Minister Meyer Gives Robben Island Museum Positive Reviews
On Tuesday, 26 July 2011, Dr Ivan Meyer, Minister of Cultural Affairs and Sport in the Western Cape, accompanied the National Portfolio Committee on Arts and Culture on an oversight visit to the Robben Island Museum.
With the ongoing negative media that the Robben Island Museum (RIM) was receiving due to its ferry regularly breaking down, and the financial mismanagement exposed in a forensics report, Minister Meyer was concerned whether these matters had been addressed. Following yesterday's visit, Minister Meyer said, "It is clear to me today that since the appointment of a new council last year, a new CEO, Mr Sibongiseni Mkhize, and an improved staff contingent, there have been a number of positive developments. The Robben Island I am standing on today is a very different one to the problem-riddled one of recent times."
Minister Meyer acknowledged that the island was a national heritage site and inscribed on the World Heritage List of UNESCO, a legacy and reminder of South Africa's destructive and painful past. With visible onsite maintenance, facilities for disabled visitors, numerous nature conservation intervention measures and an overall well-functioning museum, Minister Meyer believed that the RIM's World Heritage Status is not under threat.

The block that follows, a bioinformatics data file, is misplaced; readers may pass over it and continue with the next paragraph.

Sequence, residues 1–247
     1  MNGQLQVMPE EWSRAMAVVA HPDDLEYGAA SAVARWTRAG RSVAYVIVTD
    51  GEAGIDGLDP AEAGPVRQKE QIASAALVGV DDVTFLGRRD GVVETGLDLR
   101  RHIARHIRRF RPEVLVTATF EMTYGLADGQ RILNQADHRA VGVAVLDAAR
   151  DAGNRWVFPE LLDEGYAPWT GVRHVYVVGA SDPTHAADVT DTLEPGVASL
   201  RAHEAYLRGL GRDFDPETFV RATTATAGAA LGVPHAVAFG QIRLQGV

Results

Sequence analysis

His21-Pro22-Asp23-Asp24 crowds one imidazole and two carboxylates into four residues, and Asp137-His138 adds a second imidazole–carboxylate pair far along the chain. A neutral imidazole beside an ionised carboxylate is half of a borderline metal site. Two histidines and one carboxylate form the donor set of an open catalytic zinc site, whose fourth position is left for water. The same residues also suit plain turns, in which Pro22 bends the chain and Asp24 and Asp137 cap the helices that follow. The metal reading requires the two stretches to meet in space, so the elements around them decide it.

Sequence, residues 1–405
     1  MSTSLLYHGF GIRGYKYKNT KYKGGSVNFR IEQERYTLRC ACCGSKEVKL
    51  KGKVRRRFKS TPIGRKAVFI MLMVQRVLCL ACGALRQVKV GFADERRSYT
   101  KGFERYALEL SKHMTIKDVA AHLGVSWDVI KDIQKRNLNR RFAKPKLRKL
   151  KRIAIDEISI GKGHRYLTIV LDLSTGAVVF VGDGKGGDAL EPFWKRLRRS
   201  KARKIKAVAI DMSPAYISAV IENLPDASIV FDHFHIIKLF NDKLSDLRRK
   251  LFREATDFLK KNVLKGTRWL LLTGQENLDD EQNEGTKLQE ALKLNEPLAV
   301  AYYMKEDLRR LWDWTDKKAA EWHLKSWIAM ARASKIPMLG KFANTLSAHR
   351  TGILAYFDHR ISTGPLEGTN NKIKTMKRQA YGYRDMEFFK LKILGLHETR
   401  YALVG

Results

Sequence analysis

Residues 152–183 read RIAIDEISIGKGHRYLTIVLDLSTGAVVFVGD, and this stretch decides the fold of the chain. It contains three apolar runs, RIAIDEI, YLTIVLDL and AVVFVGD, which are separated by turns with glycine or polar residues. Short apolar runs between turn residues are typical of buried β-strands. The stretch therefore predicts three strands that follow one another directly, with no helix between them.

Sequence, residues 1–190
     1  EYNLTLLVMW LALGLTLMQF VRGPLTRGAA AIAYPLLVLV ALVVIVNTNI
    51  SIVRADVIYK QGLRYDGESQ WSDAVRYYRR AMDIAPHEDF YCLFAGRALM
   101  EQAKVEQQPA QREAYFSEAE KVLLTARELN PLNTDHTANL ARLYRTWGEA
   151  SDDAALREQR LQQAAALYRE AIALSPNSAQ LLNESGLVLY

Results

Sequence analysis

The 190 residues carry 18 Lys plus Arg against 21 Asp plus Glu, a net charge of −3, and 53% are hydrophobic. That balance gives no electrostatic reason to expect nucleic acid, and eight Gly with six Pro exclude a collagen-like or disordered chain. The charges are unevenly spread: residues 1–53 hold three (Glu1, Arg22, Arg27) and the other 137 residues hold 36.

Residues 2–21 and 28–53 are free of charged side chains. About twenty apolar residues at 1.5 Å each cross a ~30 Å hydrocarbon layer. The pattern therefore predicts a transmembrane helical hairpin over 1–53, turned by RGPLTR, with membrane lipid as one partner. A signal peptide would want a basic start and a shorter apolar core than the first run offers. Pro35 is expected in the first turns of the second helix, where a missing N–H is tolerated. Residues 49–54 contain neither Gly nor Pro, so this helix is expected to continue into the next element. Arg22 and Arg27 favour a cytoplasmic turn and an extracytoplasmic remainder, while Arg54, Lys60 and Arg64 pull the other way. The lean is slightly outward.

The infamous ferry, Sikhululekile, and its new ferry manager were also praised by Minister Meyer as the last maintenance issue to cause "no boat" days occurred in December 2010.
It was also pointed out that a number of functions that the RIM carries out are not related to its core business, such as border control, the school on the island, a clinic, post office and general maintenance. Minister Meyer was pleased to see that the management of RIM had also identified these matters and were addressing them.
However, Minister Meyer cautioned that any issues raised in the 2010/2011 Annual Report, while covering a period predominantly before the appointment of the CEO, would still have to be addressed swiftly and efficiently. Minister Meyer said, "I would like to see this new energy injected into the Robben Island Museum continue. It is clear that the new management is passionate and determined to make a success of the island. Their plans for the future are indeed a sign of good things to come."
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